Students learn about the nation’s jury system and its importance to the rule of law in the United States. Students will experience the Sixth and Seventh Amendments at work as they engage in the main lesson activities, including one in which they will serve as jurors.
This scripted mock trial includes ideas for pre and post mock trial activities.
This is the final lesson of three lessons on the Fundamentals of Representative Democracy.
This lesson is designed to give students a better idea of what makes members of Congress and state legislators tick. What motivates them, why do they run, what attributes and skills do they possess, and what is the nature of their jobs? This lesson relies upon a lawmaker being invited and coming to class to answer student questions about legislative life.
Students learn about the three functions of government in this interactive role play.
Students learn about the different roles and responsibilities in a court by participating in a mock trial.
Students learn why there are two houses of Congress and discover how a bicameral legislature ensures that states have a voice in bills. Together, the class creates a school cell phone policy and experiments with different voting groups that demonstrate why the bicameral compromise was necessary. Students also examine how things might be different today if there were just a House or a Senate.
In this lesson, students will gain an understanding of the separation of powers using role playing and discussion. Students will identify which parts of the Constitution provide for the branches of our government, and will categorize public officials into one of these three branches.
This short scripted mock trial for grades 4-6 involves SpongeBob suing Abercrombie and Fish for pants that don’t fit. Scripted parts allow the trial to move quickly to jury deliberations during which the student jurors actually decide the verdict of the case.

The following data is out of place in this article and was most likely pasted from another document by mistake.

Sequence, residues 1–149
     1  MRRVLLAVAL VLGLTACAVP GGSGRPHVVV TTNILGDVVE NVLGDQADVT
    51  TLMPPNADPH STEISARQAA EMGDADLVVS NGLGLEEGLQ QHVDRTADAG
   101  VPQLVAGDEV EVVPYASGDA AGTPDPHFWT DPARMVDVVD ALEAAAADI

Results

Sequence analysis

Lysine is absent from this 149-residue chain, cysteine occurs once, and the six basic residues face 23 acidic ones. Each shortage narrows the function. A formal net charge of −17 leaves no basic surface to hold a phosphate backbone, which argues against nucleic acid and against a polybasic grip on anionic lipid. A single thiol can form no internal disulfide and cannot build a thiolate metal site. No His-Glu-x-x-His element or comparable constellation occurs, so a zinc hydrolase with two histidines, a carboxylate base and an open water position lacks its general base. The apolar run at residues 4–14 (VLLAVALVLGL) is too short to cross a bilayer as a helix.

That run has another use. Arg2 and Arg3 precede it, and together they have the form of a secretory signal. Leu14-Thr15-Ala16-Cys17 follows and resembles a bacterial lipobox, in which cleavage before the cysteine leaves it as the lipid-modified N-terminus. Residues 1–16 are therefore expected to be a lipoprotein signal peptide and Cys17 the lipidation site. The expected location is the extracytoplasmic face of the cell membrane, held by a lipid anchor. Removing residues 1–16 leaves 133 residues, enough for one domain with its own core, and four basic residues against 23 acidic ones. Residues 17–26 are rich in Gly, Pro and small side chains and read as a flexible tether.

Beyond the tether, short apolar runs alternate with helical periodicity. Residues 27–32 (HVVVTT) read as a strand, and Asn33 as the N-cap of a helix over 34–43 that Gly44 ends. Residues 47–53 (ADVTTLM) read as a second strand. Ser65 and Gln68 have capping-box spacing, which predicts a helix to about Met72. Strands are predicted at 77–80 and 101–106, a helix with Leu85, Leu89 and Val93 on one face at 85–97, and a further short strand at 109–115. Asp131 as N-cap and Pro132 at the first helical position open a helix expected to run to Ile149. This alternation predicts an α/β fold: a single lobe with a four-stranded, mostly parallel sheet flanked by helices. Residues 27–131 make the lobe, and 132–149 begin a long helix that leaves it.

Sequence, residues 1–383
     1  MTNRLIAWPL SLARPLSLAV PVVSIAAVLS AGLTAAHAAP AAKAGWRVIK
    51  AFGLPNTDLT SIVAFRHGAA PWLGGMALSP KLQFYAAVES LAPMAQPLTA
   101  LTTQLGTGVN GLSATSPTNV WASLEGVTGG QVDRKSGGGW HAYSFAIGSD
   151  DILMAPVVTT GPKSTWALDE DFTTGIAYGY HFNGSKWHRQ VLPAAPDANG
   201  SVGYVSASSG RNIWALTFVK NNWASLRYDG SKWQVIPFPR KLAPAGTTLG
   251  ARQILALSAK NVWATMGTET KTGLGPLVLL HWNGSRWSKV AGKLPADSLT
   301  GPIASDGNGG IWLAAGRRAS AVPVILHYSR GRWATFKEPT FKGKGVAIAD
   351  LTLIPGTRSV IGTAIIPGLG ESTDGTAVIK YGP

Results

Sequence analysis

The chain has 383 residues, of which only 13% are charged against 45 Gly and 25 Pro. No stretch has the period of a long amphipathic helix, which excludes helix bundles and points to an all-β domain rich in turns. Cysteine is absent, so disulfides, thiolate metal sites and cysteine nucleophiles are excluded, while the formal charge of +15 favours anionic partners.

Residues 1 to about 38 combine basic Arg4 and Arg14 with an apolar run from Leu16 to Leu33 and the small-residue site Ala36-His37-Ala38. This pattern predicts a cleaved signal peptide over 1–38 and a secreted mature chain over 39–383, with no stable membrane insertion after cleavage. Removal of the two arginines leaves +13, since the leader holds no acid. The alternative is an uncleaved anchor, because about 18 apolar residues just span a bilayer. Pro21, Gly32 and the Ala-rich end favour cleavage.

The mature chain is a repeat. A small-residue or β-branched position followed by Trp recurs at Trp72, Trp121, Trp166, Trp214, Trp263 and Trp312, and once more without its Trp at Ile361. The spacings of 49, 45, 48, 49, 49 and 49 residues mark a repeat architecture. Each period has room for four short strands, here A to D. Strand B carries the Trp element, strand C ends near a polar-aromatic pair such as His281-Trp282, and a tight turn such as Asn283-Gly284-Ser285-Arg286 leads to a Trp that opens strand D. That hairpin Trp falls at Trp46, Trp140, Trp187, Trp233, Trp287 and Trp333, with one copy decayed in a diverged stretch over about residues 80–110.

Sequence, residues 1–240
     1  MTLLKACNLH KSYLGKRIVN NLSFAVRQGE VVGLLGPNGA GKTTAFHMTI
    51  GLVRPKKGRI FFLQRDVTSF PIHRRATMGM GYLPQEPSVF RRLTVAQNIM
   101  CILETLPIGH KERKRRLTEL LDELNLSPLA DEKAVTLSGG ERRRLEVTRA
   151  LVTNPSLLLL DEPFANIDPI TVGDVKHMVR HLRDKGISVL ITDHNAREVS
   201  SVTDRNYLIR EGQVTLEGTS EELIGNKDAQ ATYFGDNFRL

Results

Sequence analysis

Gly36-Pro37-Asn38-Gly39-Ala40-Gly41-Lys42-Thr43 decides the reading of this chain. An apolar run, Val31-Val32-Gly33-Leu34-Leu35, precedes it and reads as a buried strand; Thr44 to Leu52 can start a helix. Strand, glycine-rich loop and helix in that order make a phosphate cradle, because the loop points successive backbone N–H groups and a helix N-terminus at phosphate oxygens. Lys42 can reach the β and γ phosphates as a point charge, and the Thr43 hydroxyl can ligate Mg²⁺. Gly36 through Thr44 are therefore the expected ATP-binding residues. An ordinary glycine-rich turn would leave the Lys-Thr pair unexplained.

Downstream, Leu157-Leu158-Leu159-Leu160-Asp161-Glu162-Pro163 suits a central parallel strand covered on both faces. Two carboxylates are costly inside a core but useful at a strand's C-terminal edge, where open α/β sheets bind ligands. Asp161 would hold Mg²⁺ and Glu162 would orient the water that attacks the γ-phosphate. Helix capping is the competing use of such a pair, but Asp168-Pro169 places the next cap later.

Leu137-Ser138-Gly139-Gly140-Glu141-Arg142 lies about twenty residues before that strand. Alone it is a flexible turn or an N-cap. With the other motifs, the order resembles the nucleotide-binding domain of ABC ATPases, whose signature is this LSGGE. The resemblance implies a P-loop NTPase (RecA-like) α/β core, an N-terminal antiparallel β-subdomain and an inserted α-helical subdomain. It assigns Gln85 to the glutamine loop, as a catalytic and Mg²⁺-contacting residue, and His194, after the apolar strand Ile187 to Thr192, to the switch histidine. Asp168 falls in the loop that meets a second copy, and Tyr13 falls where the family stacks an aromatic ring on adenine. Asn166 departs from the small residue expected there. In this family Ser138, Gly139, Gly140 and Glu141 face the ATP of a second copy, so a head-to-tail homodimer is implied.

The purpose of this lesson is to teach students about the significance of the Judiciary Act of 1789 in establishing a federal judiciary, and the power of judicial review as outlined by the landmark U.S. Supreme Court Case, Marbury v. Madison (1803). By the conclusion of this lesson, students will understand the key provisions of the Judiciary Act of 1789 and the structure of the federal judiciary, as well as the power of judicial review.
Students brainstorm qualities that judges might possess, then discuss why those qualities are important.
The purpose of this lesson is to help students understand the original purpose and
powers of the Supreme Court according to the Constitution. Students learn the Supreme Court’s role in preserving the U.S. Constitution and the balance of power it creates.
In this lesson, students analyze a photograph of a trial. They identify the people in the courtroom, learn about the roles that they play in the legal process, and discuss how each is essential to ensuring access to justice.
This lesson starts with a political cartoon, then leads into discussion about the Electoral College and electing the U.S. President.
This activity will help students understand the need for rules, the rulemaking process, and the role of the student / citizen. Students will be introduced to the relationship between rules and laws and how citizens can establish laws in their communities, much like rules in the classroom, to help them live together.
Students learn what happens in appellate-level courts and how those courts operate differently from the trial courts most people are familiar with from watching television. By following the case of a real middle school girl who was strip searched at school, students find out what happens when someone takes a case all the way to the Supreme Court. Through this case, students learn about the structure of the federal court system and the way appellate courts decide cases.
This lesson exposes students to the judicial branch and the power of judicial review. They read about an actual Supreme Court case, Torcaso v. Watkins, to see how the judicial branch used its power of judicial review to strike down an unconstitutional state law.
In this lesson, students learn about the role of bureaucracy in U.S. government; they then examine the history, leadership, organization, and goals of executive agencies.
In this lesson, students are asked which of two chocolate bars – one with nuts, one without – they prefer. A single representative is taken from each preference group. These representatives are given the chocolate bar that they prefer less, motivating a contractual trade. One student unknowingly has an empty wrapper, eliciting debate after the trade is completed. The class concludes by discussing possible equitable solutions.
Features seven of the 20 most significant opinions of the first two centuries of the Michigan Supreme Court. from racial segregation in schools to eugenics laws to whether being a member of a nudist colony constitutes indecent exposure, The Verdict of History lesson plans teach student to think critically, develop their decision-making skills, and understand how the judicial system applies to their own lives.
The lesson includes a read aloud book to teach students about the Michigan Court System.